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Supreme Court issues notice to WhatsApp, Centre on data privacy

by Prasad Krishna last modified Jan 17, 2017 03:06 PM
Analysts said India lacked data protection laws.

The article by MJ Antony, Ayan Pramanik and Apurva Venkat was published in the Business Standard on January 17, 2017. Sunil Abraham was quoted.

The on Monday issued notices to the Centre and over an appeal alleging the instant messaging service did not ensure the privacy of its users and seeking regulations to protect personal information.

Chief Justice J S Khehar granted urgent hearing when Harish Salve, counsel for the petitioner, submitted that the service provided free by the platform to 155 million subscribers violated constitutional provisions protecting privacy.

The government and would file their replies within two weeks, the court directed after Salve sought its intervention to protect consumer till India enacted protection laws.

The heard the petition after the Delhi High Court in September directed not to share its users’ with its parent and asked it to provide users with the option to opt out. The court was hearing a public interest litigation over a change in WhatsApp’s user policies that explicitly allowed to access to users’ data.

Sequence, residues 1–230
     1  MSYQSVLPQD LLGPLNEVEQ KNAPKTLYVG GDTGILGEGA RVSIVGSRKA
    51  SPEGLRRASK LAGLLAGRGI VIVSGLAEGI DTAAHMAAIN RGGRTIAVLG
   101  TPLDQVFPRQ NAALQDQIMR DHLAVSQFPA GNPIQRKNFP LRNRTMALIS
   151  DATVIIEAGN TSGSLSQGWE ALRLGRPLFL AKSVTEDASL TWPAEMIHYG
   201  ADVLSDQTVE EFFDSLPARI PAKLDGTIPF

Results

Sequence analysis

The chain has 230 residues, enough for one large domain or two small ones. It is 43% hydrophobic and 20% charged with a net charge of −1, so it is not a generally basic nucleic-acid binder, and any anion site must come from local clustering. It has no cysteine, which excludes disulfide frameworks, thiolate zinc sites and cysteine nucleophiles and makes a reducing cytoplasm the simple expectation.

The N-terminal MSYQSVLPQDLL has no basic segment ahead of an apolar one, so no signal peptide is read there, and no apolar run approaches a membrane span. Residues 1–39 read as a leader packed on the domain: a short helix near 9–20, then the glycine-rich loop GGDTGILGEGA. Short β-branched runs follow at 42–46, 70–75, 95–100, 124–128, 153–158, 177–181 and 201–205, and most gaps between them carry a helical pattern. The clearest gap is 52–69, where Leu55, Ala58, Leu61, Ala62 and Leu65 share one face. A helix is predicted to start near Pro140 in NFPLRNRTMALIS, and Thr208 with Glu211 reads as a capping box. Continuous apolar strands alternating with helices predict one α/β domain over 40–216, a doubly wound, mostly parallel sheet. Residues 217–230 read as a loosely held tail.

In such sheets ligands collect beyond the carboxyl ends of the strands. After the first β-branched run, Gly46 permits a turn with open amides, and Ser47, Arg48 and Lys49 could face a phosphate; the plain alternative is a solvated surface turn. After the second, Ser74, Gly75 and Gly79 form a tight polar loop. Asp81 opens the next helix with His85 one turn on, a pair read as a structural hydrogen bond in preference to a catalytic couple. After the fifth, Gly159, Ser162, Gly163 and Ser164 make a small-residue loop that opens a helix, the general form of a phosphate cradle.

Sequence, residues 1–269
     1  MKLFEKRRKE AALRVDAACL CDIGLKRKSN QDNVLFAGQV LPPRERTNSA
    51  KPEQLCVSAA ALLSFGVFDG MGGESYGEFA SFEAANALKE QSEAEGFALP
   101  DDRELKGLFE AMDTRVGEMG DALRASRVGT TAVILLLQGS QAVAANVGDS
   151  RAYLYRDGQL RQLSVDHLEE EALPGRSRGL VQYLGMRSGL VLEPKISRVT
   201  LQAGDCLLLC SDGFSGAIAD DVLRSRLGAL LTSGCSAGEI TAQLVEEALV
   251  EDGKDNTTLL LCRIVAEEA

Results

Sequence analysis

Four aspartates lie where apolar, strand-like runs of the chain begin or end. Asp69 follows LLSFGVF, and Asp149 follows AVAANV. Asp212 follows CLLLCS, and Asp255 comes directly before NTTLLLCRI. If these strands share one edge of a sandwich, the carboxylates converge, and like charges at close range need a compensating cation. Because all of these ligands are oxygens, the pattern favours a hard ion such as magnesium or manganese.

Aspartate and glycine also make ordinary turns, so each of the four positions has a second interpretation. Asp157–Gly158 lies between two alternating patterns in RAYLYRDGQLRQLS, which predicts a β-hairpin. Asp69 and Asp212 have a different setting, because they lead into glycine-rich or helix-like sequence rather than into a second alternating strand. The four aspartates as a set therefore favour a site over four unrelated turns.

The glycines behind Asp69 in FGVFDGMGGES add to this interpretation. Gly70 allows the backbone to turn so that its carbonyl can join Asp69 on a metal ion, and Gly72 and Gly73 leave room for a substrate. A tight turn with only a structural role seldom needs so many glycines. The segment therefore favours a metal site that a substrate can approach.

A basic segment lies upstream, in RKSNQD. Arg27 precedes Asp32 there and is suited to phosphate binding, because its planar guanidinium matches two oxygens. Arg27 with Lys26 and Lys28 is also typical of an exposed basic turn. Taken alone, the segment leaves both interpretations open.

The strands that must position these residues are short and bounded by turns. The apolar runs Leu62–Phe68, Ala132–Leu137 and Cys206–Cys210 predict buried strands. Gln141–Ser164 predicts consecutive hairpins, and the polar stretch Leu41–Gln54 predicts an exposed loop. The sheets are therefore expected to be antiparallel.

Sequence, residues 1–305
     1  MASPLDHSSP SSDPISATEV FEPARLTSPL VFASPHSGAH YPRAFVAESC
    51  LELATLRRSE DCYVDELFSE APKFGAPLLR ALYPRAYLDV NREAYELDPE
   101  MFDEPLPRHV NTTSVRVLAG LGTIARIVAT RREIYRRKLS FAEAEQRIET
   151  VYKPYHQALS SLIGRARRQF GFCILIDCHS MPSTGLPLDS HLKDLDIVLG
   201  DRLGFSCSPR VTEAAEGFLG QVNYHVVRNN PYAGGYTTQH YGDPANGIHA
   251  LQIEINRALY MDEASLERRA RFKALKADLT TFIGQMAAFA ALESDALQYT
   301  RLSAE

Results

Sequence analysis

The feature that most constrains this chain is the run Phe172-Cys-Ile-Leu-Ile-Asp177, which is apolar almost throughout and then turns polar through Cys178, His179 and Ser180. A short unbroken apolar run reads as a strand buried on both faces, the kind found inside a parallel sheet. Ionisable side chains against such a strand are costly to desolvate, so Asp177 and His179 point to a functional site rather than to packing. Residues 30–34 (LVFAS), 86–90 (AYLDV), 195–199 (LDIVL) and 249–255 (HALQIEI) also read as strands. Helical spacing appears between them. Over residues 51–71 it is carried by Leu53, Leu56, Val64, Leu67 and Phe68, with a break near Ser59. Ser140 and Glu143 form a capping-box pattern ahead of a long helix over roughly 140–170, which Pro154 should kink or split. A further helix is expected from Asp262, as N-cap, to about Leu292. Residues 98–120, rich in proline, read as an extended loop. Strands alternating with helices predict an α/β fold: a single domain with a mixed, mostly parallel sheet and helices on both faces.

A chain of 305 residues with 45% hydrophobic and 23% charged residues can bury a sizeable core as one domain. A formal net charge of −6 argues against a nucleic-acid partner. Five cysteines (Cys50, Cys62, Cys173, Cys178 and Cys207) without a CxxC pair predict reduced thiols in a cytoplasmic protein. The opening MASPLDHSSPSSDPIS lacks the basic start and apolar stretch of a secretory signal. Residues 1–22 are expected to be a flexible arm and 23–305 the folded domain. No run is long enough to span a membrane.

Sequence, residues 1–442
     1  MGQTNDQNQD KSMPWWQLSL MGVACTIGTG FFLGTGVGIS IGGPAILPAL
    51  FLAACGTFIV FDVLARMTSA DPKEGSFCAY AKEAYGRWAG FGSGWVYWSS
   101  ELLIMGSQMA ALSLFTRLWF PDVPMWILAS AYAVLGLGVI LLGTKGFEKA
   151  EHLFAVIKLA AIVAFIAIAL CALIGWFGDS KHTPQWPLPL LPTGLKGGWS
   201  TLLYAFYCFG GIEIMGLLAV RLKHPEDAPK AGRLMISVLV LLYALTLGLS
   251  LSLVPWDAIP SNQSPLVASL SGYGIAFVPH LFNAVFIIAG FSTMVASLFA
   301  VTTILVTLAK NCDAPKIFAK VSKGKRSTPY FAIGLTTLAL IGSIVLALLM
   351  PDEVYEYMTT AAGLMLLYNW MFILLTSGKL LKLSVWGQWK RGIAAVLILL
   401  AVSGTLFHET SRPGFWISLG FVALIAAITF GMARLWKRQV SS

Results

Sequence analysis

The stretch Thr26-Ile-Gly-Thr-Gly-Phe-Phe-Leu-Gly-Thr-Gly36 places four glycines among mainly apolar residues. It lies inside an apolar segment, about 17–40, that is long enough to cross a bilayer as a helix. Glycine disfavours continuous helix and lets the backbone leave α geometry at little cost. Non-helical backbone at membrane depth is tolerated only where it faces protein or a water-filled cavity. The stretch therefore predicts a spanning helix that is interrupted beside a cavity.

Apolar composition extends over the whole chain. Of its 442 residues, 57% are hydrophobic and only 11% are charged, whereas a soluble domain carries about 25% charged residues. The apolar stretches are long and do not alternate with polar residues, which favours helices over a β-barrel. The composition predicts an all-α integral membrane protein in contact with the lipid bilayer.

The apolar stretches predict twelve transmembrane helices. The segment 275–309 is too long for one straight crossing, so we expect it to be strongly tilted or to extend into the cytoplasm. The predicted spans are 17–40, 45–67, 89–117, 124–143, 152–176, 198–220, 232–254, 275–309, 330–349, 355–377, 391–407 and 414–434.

A spokesperson said the company could not comment immediately.

Analysts said India lacked protection laws that prohibit global Internet firms from harvesting user for their business. “We used to think that we had some privacy jurisprudence in the country. If you asked a lawyer 1.5 years ago, he would say privacy in India was a constitutionally guaranteed right,” said Sunil Abraham, director of the Centre for Internet Society. “It is not explicitly referenced into the law.”

Saroj Kumar Jha, partner, SRGR Law Offices, said, “Along with the lack of policies and laws, there are very few judgments on privacy issues based on constitutional rights. Thus, it makes it very difficult to judge a case.”

Salve argued that till the government enacted legislation to protect user data, the court should provide protection. The Telecom Regulatory Authority of India should introduce a clause in telecom licences that if calls were intercepted the licence would be cancelled, he said.

The court sought the assistance of Attorney-General Mukul Rohatgi to sort out the issues.

Rohatgi, while arguing an earlier case related to alleged violation of privacy, had taken the stand that the Constitution did not protect the right to privacy. According to him, neither the fundamental rights nor judgments recognises a citizen’s right to privacy. The bench hearing that case referred the question to a constitution bench last year.